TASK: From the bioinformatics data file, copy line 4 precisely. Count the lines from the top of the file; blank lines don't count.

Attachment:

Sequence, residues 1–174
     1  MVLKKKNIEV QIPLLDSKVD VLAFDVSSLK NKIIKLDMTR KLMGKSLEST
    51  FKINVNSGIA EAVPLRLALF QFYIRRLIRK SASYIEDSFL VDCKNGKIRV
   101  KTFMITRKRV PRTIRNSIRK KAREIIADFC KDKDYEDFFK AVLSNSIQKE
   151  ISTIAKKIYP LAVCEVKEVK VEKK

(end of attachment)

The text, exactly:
   101  KTFMITRKRV PRTIRNSIRK KAREIIADFC KDKDYEDFFK AVLSNSIQKE